Post-Newtown, States Passed More Gun-Rights Laws, Not Restrictions


Though many politicians vowed that Newtown would be different, in the months since the tragedy, the urgency behind federal gun-control legislation has continued to wane, with Republicans threatening to filibuster and the NRA chipping away at the legislation behind the scenes. In an effort to keep pressure on members of Congress, on Wednesday in Denver, President Obama renewed his call for tighter gun control. "Colorado has shown that practical progress is possible," he said. "We've seen enacted tougher background checks that won't infringe on the rights of responsible gun owners, but will help keep guns out of the hands of dangerous people." Colorado's legislation is impressive, considering the state's history of supporting gun rights, but few states are following its example. Despite the national push for stricter gun laws, so far more states have actually loosened gun restrictions since Sandy Hook. 

States including New York, Connecticut, and now Maryland have made headlines for pushing strict new gun measures, but according to the Law Center to Prevent Gun Violence, five states have passed seven laws strengthening gun laws this year, while ten states passed seventeen laws that weaken restrictions. The gun-control laws tend to be more significant, such as New York's assault weapons ban, while the legislation involving gun rights involves smaller changes like South Dakota allowing teachers to bring guns into the classroom. However, the Washington Post notes that the numbers reflect the effectiveness of gun rights groups in states across the nation. Pro-gun control organizations tend to be more focused on federal laws, and spent only $55,000 on state-level legislation between 2007 and 2012, according to the Sunlight Foundation. In the same period, pro-gun groups including the NRA spent $2.3 million on efforts to block state restrictions on guns.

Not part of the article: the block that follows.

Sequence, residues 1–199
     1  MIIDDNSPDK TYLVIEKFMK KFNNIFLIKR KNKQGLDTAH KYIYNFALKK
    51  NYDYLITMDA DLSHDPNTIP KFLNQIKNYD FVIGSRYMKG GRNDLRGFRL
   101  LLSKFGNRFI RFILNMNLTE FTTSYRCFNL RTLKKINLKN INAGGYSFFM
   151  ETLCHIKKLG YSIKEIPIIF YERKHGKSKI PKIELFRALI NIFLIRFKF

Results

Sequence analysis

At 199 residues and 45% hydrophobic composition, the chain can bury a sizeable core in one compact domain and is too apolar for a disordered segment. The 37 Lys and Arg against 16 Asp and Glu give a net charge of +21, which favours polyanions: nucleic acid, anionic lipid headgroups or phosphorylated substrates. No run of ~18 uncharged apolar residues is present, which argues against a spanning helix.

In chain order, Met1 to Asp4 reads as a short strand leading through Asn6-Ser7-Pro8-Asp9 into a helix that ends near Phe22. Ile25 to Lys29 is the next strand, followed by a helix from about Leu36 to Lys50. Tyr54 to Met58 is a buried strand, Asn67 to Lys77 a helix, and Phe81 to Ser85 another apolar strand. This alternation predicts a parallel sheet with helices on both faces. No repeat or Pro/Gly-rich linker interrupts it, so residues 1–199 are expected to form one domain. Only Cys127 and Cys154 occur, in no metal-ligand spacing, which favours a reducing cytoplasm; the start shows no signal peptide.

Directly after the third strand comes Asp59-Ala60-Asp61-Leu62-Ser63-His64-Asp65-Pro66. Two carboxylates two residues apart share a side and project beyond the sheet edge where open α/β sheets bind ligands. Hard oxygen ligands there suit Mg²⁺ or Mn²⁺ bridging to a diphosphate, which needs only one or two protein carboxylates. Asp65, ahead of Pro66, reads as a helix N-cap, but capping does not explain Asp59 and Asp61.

While some states were considering gun legislation before Newtown, talk of a new federal gun control law definitely sparked a backlash. This year at least 36 states have introduced legislation to nullify federal restrictions on gun rights (supremacy clause be damned). “Opponents of common-sense gun laws have ginned up fears among responsible gun owners that have nothing to do with what’s being proposed, not a thing to do with facts,” warned Obama on Wednesday. “It feeds into suspicions of government, that you need a gun to protect yourself from government: ‘We can’t do background checks because the government will come take my guns away.’ The government is us. These officials were elected by you.” Of course, that's exactly what you'd expect to hear from someone with a cunning (and totally undetectable) gun confiscation plot.

Despite President Obama's efforts, it's entirely possible that Congress won't pass any new gun legislation. In that case, the effect of Newtown could be a spate of state laws strengthening gun rights, though those rights were never seriously threatened.